Our View: . . . For reasons difficult to fathom

Posted: February 1, 2014

The American people — or “the folks,” as pundits jocularly refer to them these days — repeatedly rank immigration reform low on their list of priorities. Of far greater concern are such home-and-hearth matters of import as jobs (“Where can I find one?”) and health care (“Will I be able to keep my doctor?”).

As such, one would readily assume the issues for this midterm election cycle are set in stone for a resurgent Republican Party. Issues, that is, on which rival Democrats are most vulnerable — a dismal employment landscape and the wretchedly abysmal excesses of ObamaCare.

Why then would the GOP, seemingly on the cusp of a 2010 electoral redux, willfully wade into the swamps of immigration reform? What’s more, why especially would they embrace such an issue whose resolution — to any extent whatsoever — figures to impact negatively not only on their base but on independents whose votes they are seeking this November?

Columnist Ann Coulter frames matters crisply: “Republicans have no obligation to assist the Democrats as they change the country in a way that favors them electorally, particularly when it does great harm to the people already here.”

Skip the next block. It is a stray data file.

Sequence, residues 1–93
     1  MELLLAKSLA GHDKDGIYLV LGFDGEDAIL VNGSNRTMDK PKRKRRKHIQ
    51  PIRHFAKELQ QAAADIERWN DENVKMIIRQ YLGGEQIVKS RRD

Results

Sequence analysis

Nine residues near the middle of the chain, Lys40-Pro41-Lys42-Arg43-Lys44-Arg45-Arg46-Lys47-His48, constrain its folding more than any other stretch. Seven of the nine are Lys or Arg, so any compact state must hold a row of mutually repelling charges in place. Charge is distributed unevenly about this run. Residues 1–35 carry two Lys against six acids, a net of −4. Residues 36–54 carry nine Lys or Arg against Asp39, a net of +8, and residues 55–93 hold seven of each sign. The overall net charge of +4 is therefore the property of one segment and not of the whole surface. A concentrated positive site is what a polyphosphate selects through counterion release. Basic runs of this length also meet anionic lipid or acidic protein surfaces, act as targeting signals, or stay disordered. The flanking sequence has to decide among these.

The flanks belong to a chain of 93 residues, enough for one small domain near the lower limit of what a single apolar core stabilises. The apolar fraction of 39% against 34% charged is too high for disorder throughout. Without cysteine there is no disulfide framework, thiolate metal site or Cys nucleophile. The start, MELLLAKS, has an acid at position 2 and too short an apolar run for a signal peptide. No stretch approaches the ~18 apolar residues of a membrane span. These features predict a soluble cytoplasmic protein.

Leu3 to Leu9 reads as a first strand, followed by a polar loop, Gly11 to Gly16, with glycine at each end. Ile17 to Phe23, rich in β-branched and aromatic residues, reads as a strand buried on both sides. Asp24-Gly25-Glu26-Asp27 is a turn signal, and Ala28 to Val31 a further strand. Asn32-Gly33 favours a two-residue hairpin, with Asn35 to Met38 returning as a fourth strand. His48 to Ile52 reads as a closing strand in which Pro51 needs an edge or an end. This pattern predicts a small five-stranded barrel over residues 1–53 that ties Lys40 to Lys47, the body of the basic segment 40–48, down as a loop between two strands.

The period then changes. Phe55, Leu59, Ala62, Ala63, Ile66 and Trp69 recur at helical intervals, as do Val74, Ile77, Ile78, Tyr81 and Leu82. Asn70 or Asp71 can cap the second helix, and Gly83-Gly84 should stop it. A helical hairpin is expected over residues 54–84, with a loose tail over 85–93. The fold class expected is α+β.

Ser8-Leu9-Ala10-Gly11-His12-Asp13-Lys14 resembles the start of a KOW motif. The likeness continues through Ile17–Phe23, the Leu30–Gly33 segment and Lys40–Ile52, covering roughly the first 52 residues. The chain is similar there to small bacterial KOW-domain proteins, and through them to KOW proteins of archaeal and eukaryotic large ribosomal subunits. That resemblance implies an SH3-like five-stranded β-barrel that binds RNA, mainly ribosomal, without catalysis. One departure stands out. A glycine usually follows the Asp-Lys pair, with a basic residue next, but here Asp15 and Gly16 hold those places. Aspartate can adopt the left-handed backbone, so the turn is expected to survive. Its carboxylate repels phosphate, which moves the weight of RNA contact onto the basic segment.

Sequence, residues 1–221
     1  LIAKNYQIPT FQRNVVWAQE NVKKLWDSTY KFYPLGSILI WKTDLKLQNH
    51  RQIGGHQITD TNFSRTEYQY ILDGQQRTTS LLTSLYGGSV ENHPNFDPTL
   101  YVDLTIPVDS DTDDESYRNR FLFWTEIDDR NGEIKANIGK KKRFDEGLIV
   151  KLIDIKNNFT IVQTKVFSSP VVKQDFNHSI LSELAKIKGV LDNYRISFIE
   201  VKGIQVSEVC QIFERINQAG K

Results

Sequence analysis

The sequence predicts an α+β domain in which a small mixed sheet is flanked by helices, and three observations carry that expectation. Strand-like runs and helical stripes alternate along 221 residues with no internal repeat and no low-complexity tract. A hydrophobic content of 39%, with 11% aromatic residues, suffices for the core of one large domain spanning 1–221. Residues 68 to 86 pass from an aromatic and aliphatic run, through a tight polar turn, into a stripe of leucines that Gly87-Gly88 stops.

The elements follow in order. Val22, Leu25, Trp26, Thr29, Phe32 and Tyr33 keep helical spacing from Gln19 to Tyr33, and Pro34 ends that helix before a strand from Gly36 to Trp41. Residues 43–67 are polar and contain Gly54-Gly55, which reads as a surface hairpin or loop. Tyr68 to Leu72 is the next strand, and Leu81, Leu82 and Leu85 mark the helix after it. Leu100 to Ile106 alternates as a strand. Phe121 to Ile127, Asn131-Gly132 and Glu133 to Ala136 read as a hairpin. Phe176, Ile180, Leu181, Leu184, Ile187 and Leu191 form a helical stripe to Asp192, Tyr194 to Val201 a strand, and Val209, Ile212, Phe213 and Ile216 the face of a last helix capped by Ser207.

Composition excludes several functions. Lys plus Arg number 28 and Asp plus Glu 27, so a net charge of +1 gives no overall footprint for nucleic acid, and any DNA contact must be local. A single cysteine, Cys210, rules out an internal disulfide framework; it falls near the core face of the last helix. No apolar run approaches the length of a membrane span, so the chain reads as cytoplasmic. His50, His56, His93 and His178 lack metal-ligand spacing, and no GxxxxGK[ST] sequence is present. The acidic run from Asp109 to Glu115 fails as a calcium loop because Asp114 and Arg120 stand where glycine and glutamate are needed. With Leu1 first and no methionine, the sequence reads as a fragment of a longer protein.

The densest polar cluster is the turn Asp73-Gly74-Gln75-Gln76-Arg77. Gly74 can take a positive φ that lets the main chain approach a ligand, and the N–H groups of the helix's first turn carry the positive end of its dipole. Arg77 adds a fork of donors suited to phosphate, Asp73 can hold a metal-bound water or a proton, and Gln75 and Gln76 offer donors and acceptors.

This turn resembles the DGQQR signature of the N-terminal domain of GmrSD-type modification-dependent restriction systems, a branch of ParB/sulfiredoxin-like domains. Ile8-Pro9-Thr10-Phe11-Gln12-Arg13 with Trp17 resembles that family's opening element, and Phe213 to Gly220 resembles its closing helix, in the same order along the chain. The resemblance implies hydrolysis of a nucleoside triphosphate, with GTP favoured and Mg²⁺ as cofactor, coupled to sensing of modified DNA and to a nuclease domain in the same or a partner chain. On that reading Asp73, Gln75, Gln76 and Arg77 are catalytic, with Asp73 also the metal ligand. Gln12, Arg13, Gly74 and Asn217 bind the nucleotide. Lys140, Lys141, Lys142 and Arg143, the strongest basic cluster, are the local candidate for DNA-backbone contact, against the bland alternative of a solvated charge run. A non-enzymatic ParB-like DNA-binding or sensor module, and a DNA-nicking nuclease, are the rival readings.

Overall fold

So why, why, why are they so insistent on treading down this path, particularly when such philosophical beacons as the Heritage Foundation and Peter Kirsanow of the U.S. Commission on Civil Rights are so defiantly dead-set against it?

Many reasons have been posited for this vexing move, starting with the obvious: The GOP sees reform as a vehicle to wresting a greater share of the Hispanic vote. If so, this quest is, at best, quixotic. Even at conservatism’s high tide — the Reagan landslides of 1980 and ‘84 — the vanquished Democratic nominees still claimed 56 and 61 percent of the Hispanic vote respectively.

More plausible is that GOP leadership is moving at the behest of moneyed backers in the U.S. Chamber of Commerce set, which views the vast illegal population as a reliable source of cheap labor. But why would Republicans risk their ascendancy by lending further credence to what one pundit calls “the Left’s generations-long charge that the GOP is the party of corporate whoredom”?

So, “stupid”? You be the judge.